Sunday, 21 January 2007

Suzanne's Diary for Nicholas

15 or 10 years or so ago, I wouldn't want to even be caught near a book like this. But I guess with age, I've mellowed.

Suzanne's Diary for Nicholas is written by James Patterson, the author more known for his Alex Cross thrillers. Two of his books, Kiss the Girls and Along Came a Spider, have been made into movies, with Morgan Freeman playing Dr. Cross. With this book, it seems Patterson has decided to branch out to romance and relationship-type stories. This is actually my first time reading anything by Patterson.

On the first page we meet Katie, a senior editor in New York, who met the most perfect man she could ever imagine. Matt was her client, a promising poet from Martha's Vineyard. While still falling headily and unbelievably in love with each other, Matt suddenly disappeared and left her a diary.

Katie is crushed. Further adding to her wounds was learning that diary was written by Suzanne, who is Matt's wife, for their son Nicholas. Reluctantly, Katie picks up the book, with mixed feelings.

And as Katie searches for answers, we begin to see glimpses of Patterson the mystery writer. And like all good mystery tales, the final and critical clue is often revealed at the very later parts of the story. By the time the final page is reached, all ties that link Katie, Matt, Suzanne and Nicholas are made known to the readers. Patterson has succeeded at what I think he was going for: to write a romance story with a tinge of mystery.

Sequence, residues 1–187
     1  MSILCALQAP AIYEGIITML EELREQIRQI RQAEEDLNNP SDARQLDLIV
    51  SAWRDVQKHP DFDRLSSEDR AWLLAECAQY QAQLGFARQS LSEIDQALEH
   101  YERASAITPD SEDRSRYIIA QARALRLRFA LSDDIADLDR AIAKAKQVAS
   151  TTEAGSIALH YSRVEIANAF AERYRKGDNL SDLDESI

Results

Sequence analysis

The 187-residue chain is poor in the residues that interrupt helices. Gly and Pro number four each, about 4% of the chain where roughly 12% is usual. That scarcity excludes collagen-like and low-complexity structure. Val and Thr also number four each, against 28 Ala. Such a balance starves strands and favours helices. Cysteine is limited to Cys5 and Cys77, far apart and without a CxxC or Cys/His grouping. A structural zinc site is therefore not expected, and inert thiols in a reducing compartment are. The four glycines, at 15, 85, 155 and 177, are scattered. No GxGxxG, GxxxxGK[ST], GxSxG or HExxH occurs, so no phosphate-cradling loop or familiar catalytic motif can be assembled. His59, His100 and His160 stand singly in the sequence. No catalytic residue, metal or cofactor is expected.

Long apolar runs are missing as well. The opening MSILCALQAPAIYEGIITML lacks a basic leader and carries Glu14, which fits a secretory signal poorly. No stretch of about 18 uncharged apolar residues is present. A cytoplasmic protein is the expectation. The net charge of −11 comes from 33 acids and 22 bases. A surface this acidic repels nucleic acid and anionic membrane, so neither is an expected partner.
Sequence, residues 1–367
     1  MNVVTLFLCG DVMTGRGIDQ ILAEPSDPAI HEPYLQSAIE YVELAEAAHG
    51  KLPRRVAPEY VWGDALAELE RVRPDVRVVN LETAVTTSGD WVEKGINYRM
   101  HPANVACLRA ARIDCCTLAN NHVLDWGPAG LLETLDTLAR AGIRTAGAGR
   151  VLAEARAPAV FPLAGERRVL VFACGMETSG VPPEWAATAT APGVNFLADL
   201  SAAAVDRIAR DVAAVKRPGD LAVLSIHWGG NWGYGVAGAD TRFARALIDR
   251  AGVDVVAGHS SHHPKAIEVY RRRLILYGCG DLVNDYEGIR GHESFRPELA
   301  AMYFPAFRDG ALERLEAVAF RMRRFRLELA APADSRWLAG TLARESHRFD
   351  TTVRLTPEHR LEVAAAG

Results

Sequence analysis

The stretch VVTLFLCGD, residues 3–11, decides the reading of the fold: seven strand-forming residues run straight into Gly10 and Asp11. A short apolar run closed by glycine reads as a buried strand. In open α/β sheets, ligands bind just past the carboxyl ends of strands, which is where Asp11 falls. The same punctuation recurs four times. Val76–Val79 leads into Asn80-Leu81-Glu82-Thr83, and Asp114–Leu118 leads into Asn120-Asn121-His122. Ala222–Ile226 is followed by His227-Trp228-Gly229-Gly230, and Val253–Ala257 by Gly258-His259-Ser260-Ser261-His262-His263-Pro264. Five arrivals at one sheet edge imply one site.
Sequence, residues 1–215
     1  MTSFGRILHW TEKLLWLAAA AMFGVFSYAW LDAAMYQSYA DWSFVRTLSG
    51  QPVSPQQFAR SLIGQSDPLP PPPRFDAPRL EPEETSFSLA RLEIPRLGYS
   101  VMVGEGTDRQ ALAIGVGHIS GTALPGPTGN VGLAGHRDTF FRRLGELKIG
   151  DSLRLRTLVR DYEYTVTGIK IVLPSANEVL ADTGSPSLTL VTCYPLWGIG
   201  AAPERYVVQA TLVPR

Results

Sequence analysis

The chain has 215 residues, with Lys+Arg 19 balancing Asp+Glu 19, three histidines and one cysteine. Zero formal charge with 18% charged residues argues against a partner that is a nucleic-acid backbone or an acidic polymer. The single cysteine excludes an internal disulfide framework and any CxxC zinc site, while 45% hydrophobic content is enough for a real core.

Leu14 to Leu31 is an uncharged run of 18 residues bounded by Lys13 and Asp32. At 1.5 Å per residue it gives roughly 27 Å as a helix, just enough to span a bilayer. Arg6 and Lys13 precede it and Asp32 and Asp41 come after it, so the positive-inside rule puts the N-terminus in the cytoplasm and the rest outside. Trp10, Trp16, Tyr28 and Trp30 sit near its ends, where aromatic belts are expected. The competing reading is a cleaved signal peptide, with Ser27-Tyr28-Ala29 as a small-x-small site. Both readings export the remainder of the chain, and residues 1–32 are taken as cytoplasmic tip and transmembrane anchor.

My only complaint would be how incredibly amazing Matt is as a character. He's great husband, father, son, friend, lover, cook, carpenter, handyman, who's sensitive, thoughtful and writes beautiful poetry. Either Matt is an actual specimen of the perfect, dream guy or Suzanne is an angel of a wife who fails to see any of Matt's flaws.

Perfect man aside, this book for me is a gentle introduction to Patterson's works (who by the way writes in very, very short chapters) and the world of romance (which I don't plan to revisit any time soon). A story lacking slightly in realism, but beautiful in its simplicity.

(And a wonderful year ahead to all Muslim readers.)


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